Popeye used to always say, “I ams who I am” mostly to his beloved Olive Oil in an attempt to get his loved one to understand that he does his best but he has his limitations. He is happy with who he is even when others around him – important people like his beloved gal – wish he could be even more.
I had a little bit of an epiphany following the FIU win – key word there being win. Epiphanies are much more beneficial when they come in the wake of a good thing rather than a bad. Still, epiphanies seem to be tantamount with acceptance and this sometimes makes them not so enjoyable.
For those of you that stop by regularly, you know I was expecting our team to roll a very weak FIU team out of the stadium and it looked like that early on, but we all know what happened. The offense inexplicably stalled and the defense, while they played well throughout had to contend with nearly 40 minutes on the field against a rookie QB – which we know never bodes well for ECU…EVER going way back. Still, our kids as a team – all phases of the game – once again played down to its competition, save maybe the last 10 minutes of the game where the defense stepped it up and started hammering that young QB. Our field goal kicking was horrid, which contributed to the offenses inability to extend the lead and perhaps put FIU away even earlier, but the glaring issue, IMO, comes back to the offense stalling out for no real good reason. Routine plays started to drop off and the intensity level looked to be lacking overall (understanding the difficulties of being jacked up on the road against a huge underdog in a stadium with maybe 2,000 fans in the stands).
So, to the epiphany.
It is this: ECU football is what it is, always has been, and faces long odds of ever being anything otherwise. Is that a gloom and doom POV? Perhaps. I choose to see it more as part of what makes ECU easy to cheer for… we are the classic underdog.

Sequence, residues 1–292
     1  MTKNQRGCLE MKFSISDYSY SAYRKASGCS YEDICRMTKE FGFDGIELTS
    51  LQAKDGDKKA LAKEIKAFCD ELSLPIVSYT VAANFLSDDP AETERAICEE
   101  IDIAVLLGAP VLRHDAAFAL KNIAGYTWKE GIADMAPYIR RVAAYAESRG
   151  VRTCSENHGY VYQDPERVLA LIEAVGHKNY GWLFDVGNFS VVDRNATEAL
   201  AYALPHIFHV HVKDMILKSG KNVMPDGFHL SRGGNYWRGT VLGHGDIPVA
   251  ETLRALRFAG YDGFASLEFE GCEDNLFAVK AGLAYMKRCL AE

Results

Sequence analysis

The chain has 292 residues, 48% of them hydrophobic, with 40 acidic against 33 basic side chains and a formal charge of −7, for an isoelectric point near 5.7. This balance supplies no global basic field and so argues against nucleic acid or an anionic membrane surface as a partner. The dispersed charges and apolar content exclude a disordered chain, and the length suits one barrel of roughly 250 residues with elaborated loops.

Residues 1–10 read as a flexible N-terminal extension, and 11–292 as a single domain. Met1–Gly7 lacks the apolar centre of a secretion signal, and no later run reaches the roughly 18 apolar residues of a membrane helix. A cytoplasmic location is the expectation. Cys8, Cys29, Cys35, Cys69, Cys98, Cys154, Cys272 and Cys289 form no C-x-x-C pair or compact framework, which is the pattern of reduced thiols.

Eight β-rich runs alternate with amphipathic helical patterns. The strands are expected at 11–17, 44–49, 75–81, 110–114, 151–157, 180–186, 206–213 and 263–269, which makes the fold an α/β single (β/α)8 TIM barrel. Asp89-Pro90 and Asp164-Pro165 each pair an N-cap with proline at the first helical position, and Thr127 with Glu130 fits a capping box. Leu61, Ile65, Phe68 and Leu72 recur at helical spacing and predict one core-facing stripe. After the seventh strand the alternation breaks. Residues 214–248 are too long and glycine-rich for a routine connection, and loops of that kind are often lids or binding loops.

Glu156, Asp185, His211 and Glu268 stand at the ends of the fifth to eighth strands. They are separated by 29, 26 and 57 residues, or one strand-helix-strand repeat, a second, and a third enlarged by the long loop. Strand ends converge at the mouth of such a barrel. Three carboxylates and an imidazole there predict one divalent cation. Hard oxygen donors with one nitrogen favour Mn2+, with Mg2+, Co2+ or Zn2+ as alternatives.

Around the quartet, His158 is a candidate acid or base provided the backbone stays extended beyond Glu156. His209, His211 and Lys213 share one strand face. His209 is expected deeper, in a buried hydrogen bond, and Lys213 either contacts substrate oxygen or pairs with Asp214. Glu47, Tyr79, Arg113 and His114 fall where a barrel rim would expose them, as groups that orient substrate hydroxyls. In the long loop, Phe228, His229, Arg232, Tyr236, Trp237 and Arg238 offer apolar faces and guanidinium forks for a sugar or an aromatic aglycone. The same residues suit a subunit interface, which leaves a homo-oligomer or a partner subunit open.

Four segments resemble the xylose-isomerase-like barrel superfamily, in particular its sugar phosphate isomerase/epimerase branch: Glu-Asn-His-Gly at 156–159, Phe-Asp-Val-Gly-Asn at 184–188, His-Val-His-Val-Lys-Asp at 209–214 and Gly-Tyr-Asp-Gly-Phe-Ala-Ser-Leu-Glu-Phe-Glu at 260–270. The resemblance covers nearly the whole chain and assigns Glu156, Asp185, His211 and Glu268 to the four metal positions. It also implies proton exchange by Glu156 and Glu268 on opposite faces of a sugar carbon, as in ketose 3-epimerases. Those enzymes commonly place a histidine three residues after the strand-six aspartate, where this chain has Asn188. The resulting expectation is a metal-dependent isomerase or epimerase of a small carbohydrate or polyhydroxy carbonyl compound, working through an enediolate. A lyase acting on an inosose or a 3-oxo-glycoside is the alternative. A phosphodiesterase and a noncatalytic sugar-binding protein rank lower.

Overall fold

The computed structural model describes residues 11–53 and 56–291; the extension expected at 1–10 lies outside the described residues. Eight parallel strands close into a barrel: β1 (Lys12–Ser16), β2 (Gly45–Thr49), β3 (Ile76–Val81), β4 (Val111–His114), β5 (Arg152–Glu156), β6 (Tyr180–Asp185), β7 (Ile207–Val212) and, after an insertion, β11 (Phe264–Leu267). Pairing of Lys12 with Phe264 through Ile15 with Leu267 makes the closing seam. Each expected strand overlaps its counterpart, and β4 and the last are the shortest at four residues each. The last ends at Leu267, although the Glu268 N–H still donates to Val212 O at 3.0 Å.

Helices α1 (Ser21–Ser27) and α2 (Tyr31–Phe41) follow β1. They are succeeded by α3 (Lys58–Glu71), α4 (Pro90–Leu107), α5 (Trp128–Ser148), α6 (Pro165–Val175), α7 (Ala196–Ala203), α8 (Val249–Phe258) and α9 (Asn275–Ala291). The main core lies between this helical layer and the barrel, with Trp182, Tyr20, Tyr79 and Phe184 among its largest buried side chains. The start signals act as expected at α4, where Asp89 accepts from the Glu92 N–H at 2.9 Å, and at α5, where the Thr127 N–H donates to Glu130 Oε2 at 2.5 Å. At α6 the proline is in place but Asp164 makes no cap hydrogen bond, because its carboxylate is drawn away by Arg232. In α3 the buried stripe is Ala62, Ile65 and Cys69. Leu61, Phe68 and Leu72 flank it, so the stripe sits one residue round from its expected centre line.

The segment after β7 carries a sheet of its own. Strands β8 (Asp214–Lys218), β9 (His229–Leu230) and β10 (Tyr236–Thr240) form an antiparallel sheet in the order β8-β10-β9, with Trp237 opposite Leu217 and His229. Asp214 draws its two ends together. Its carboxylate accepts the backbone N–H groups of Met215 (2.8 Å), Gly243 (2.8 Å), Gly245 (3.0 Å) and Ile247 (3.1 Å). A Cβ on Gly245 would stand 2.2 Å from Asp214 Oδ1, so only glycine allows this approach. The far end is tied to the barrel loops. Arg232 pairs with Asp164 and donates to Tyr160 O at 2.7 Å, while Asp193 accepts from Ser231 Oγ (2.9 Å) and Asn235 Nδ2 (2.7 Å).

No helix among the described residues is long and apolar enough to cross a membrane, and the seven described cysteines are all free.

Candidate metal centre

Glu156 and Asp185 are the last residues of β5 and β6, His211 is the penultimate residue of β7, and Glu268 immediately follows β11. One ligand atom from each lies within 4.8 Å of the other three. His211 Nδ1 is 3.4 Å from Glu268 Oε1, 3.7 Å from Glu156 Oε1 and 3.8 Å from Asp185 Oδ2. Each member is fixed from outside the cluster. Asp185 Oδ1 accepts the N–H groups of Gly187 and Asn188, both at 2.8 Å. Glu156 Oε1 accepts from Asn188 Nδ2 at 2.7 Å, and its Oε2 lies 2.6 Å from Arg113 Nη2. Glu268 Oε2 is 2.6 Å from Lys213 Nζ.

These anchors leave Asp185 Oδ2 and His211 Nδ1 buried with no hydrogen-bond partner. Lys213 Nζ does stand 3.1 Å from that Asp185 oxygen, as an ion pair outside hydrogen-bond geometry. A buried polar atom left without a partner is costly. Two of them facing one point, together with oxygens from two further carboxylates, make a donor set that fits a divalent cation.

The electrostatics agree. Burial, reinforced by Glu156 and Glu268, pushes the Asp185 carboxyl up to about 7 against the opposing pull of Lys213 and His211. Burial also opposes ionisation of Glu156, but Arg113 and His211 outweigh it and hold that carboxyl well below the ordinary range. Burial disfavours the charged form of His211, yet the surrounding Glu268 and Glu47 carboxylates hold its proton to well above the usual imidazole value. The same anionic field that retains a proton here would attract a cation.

I think Coby Heath summed it up nicely in a comment he made on my previous post (Offense’s Feasting Eyes…) when he wrote:
Over the years, ECU football has taught me at least one lesson… never, ever trust them to trounce an opponent they are favored to win. For every Southern Miss game like last Saturday’s, I can show you 25 like this year’s Tulane game where a -10.5 point spread turned into a triple overtime loss. So, I predict that on Sunday morning whether we win or lose, the Old Yellow message board will be a raging red.
Over the last 35 years or so, I’ve often delved into the psychology of “Why”? Why can we beat the Miami, VT, Pittsburgh, Missouri, and the South Carolina, but get whacked from behind every year by a UAB, a UTEP, or a really bad Rice team? The most logical answer I can think of is that the type recruits we sign have been passed over and shunned by the BCS schools and other likewise experiences their entire lives. They are over-achievers that have the chip. This works well for an underdog role, but is bad for developing the self-confidence it takes to whip a lessor foe. That may not be a sound analysis, but it’s the best I can come up with.
So forgive me if I don’t join in the office pool and bet on how many points we are going clobber our opponent by. With any underdog we play, I just hold my breath.